Some of you know I had a debate with an LCMS pastor over the issue of irresistible grace. I made the claim that as Lutherans we must believe in the doctrine in some sense, though without denying the universalis gratia. See my post on immutable election to see what point I was trying to argue. I emailed Dr. Robert Kolb amidst this controversy on this issue with this specific question:
I have been having a conversation with an LCMS pastor on the subject of election. I made the point that Lutherans agree with some of what Calvinists are saying when using the term irresistible grace. What I mean by this is that God's election will always result in the salvation of that individual. One who is elect cannot become non-elect, thus in that sense election is "irresistible", though I realize it is not the best term to use. I also made the point that election is particular and does not extend to everyone as does the universalis gratia. Not everyone is elect.
This pastor seemed to think that I was espousing Calvinistic doctrines when saying this. However, when I read through Pieper, Walther, and Hoenecke on the topic, they all seem to be saying the same thing that I am. Am I being faithful to Lutheran theology by making the points that: 1. election will always necessarily result in final salvation and 2. not all men are elect?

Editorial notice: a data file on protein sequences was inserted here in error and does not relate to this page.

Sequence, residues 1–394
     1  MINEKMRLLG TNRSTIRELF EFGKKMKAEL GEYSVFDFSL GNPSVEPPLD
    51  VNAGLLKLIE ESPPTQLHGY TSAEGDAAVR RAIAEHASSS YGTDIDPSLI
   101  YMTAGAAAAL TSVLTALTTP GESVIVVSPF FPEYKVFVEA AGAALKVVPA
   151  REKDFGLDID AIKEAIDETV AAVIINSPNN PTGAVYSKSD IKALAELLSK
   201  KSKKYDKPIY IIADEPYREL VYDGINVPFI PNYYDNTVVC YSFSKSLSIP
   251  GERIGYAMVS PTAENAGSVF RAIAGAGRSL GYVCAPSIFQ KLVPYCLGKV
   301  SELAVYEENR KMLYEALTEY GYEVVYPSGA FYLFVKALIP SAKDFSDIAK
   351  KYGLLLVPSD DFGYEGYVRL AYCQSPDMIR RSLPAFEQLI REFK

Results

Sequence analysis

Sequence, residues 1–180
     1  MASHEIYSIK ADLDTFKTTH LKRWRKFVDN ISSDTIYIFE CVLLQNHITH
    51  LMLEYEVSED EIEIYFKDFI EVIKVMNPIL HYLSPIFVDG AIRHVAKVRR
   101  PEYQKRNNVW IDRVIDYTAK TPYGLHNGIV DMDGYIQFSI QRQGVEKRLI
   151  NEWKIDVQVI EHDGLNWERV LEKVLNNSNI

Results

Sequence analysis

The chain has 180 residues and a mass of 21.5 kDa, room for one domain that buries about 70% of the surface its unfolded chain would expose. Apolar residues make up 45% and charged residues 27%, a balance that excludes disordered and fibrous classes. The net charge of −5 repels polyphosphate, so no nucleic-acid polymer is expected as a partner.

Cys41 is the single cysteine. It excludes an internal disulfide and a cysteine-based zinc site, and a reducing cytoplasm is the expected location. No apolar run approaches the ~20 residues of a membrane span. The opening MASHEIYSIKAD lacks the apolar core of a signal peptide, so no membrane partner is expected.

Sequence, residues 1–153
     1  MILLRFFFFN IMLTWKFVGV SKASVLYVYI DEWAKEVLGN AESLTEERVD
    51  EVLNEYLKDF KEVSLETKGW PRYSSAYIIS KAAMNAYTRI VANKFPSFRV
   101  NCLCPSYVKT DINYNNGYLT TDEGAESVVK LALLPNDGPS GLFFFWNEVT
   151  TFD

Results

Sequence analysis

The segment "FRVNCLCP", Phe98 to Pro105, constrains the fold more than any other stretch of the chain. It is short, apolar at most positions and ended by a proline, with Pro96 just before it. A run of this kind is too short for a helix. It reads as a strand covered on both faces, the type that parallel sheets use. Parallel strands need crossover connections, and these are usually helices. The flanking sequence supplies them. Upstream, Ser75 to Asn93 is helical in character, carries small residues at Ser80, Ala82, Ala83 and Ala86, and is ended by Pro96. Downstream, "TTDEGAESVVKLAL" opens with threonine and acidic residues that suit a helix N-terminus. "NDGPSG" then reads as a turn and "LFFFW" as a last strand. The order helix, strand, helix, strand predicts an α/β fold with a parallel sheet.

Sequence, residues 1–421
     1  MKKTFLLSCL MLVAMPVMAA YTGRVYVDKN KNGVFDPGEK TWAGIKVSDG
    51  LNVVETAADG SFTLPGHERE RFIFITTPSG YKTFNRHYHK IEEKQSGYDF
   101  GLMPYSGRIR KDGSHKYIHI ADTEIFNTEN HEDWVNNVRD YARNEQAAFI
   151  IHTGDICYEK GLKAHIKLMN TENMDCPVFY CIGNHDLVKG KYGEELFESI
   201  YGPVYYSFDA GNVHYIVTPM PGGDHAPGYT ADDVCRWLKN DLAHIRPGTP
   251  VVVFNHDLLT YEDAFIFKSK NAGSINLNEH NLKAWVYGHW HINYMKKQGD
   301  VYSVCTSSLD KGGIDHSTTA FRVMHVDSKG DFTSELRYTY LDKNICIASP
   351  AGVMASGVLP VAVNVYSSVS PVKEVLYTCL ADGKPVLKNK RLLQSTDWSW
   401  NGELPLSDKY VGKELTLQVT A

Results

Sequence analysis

This was Dr. Kolb's response:
Your reading of Pieper, Walther, and Hoenecke is correct, I believe. Under the proclamation of the law, Lutherans clearly believe with Luther in the Smalcald Articles III,4,43-45, that believers can lose the faith and fall from grace. Otherwise, as the Formula of Concord strives to make clear, the distinction of law and gospel disappears, and we fall into either an antinomian arrogance and false security, or despair. But under the teaching of the gospel Lutherans teach that God’s gospel promise in the means of grace is sure because it is God’s promise. What, I think, John Calvin did not grasp, much less his followers, is how Luther understood the doctrine of election only in the context of distinguishing law and gospel in delivering God’s Word to his people, and how God actually is present and working with his saving power in the means of grace. The Calvinists who have become Lutherans – the ones I know, at least – point especially to the second point and the insecurity they had when there was no certain place to look, only to one’s own life, for assurance that God loved them in Christ.
I have gone into this in some detail in my book Bound Choice, Election, and Wittenberg Theological Method (Eerdmans, 2005, I think). That may help some.
This should settle the issue as Dr. Kolb is a competent scholar and has written on the subject.